Psychopaths in Film – Hannibal Lecter


Hannibal Lecter

Perhaps the most well known screen psychopath is Anthony Hopkins’ Hannibal Lecter character from the Silence of the Lambs, Hannibal and Red Dragon films. Hopkins plays a deranged and violent serial killer who also has cultured artistic tastes and interests. He is the ultimate refined killer if you will, so seemingly intelligent and cultivated that you would never realise he was a killer if you met him in daily life.

Whilst Hopkins is an excellent actor and the films are entertaining in their own right, the entire premise of Hannibal Lecter as an artistic, refined, yet psychopathic character as based on a fundamental misconception of psychopathy. One of the criteria that specifically distinguishes psychopaths from ordinary human beings is that they have no creativity or inner life. A psychopath could never have artistic and creative yearnings; it is solely about domination and manipulation of others for them.

That should not stop anyone enjoying what are very entertaining and for the most part well acted films. Films are after all meant to be a work of fiction where we suspend our disbelief, and whilst the portrayal of Hannnibal Lecter as a psychopath does not fit with what you will see in real life, the films are still enjoyable pieces of work with some pop psychology thrown in there.

A Killer With An Artistic Streak?

One of the main themes of The Silence of the Lambs in particular is that Hannibal Lecter is a murderous psychopath who also has an interest in refined culture, literature and art. He is incarcerated in this film, having been convicted for viciously murdering and attacking multiple people including prison staff.

However the character still yearns for creative expression and has paintings and works of literature in his cell. He pines for a cell with a view of nature and is always articulate and well spoken, throwing in references to literature across all the films that many people wouldn’t know about.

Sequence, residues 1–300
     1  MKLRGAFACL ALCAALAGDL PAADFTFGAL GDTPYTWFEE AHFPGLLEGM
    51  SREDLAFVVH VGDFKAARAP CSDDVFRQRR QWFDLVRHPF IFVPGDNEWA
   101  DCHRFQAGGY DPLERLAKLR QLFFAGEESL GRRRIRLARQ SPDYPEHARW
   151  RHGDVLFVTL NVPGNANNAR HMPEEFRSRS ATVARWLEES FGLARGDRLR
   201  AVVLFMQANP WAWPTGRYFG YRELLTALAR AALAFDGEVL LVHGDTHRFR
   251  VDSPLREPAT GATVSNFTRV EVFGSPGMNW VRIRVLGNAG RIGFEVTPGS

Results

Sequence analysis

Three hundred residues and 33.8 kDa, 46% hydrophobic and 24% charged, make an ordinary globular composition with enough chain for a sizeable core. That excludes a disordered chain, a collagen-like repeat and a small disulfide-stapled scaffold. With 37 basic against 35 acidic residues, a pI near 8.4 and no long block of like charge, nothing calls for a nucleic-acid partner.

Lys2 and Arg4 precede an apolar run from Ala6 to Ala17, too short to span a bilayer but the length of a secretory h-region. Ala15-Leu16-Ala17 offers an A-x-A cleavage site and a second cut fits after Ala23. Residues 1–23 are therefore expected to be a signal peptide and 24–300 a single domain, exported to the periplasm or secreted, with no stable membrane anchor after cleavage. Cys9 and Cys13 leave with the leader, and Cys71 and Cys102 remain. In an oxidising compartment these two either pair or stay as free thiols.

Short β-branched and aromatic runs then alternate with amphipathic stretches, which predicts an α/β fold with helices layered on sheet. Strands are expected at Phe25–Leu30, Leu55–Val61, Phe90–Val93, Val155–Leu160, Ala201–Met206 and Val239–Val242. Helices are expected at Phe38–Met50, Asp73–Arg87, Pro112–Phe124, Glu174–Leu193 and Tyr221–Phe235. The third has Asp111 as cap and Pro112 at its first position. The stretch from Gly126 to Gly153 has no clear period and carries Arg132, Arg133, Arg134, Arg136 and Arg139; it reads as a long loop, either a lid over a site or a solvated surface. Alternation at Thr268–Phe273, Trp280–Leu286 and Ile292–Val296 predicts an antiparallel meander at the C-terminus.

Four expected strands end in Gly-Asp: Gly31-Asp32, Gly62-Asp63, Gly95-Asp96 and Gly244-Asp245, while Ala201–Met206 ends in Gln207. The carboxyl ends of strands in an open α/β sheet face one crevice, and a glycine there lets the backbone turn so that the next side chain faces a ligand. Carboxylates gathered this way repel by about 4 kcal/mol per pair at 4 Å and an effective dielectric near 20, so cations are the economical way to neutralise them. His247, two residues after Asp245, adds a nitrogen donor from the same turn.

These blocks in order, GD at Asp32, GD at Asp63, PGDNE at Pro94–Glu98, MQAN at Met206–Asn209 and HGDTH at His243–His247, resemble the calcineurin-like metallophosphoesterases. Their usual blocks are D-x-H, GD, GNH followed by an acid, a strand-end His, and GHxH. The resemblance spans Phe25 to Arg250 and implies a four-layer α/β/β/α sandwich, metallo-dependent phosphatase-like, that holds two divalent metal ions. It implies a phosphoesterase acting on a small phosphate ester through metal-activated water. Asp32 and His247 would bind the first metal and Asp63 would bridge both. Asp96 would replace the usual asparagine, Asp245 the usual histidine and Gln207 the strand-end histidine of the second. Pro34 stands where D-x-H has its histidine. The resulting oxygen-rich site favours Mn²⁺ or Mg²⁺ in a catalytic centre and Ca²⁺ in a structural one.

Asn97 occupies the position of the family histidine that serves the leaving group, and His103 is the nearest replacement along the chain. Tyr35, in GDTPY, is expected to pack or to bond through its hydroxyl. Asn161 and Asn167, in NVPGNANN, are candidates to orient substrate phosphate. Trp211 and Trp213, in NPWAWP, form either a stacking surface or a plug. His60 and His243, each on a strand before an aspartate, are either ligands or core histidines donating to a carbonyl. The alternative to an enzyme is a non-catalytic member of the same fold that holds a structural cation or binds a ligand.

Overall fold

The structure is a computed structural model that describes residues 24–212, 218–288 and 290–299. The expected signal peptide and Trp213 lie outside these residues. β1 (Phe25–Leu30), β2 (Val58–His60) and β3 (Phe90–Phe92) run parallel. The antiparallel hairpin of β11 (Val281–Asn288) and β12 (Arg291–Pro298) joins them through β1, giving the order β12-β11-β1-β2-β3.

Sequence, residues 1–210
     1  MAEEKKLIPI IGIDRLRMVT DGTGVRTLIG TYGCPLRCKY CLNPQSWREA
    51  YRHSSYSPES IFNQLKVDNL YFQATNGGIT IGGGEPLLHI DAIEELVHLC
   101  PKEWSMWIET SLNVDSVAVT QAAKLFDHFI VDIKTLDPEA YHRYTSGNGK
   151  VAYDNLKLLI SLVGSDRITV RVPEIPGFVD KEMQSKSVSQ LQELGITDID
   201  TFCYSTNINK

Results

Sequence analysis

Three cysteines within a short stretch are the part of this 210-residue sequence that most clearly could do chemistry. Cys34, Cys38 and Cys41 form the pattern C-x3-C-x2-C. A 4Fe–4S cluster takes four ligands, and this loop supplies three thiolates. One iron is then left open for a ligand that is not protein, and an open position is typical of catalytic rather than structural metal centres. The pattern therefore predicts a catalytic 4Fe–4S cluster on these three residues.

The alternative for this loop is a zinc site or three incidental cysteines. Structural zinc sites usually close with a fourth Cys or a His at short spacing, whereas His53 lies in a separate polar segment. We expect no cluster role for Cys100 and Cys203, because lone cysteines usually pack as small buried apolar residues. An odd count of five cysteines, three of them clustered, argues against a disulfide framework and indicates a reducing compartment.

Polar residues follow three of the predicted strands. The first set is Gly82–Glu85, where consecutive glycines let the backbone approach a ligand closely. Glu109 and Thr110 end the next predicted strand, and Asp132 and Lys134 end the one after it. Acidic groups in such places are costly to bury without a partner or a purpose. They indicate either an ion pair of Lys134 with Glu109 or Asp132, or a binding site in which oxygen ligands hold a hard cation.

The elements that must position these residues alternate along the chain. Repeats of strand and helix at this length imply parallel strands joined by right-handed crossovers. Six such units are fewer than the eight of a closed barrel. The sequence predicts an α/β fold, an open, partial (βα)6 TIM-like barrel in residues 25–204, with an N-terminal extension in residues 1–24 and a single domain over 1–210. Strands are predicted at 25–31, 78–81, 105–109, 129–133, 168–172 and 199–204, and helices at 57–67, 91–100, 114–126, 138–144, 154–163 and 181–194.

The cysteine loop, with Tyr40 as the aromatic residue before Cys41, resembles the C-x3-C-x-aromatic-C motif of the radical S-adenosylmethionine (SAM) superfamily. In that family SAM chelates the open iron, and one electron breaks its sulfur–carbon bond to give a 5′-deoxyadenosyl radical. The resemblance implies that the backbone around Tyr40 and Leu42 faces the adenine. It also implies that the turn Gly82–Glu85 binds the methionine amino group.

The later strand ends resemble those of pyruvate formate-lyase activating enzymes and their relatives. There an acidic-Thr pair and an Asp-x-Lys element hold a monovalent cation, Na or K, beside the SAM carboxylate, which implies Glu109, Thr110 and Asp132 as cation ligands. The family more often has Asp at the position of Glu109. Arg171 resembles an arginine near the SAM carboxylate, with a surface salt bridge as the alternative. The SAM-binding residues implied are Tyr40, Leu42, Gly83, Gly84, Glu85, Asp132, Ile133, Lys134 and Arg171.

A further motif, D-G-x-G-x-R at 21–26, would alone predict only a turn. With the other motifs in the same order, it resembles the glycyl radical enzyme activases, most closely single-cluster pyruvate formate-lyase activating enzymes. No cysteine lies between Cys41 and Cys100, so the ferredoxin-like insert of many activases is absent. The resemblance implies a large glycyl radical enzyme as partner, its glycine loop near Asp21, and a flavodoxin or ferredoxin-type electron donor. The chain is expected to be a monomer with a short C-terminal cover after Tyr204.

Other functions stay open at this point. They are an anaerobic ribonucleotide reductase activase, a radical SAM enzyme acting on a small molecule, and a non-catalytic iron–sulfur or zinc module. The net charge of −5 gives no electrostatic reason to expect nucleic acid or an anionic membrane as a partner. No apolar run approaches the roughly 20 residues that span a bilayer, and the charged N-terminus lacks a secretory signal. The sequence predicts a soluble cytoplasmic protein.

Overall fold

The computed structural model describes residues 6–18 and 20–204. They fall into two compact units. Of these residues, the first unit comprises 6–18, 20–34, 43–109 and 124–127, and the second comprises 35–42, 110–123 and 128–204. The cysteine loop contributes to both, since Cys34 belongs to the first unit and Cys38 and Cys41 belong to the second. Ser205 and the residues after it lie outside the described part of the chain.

This theme is carried through to the second film where he has escaped and is on the run. Las Vegas is touted as the possible location for him but quickly dismissed by Julianne Moore’s Clarice Starling character “(Las Vegas) is the last place he’d be. It would be an assault on his sense of taste.” Sure enough he is eventually tracked down in Florence enjoying fine wines and great paintings, playing up to the typical “cultured and artistic” stereotype again.

However the notion that a murderous psychopath could even have these character traits is a total myth. Psychopaths are empty and fake inside and have no creativity and inner life. Far from creating their own artistic expressions, psychopaths are the very people who start become very anxious as soon as outer stimulation stops. They are looking for the world to turn them on and are incapable of giving meaning to their own existence.

In fact one of the very criteria people should look out for when trying to identify psychopaths in their life is the complete lack of creative or vocational aspects. You will find these qualities completely absent from all psychopaths, even in later stages of life.

They are driven strictly by control, power, domination and hedonism, with no sense of creativity, vocation, charity or higher purpose. See the Unslaved Podcast on psychopaths for more on this.

A Psychopath With a Crush?

Another thread that runs through the first two films is a fascination Lecter has with Clarice Starling, a rookie agent sent to interview and investigate him. He initally sees her as an innocent, someone to be played with and manipulated but over the films Lector grows fond of her and continues to write to her when on the run.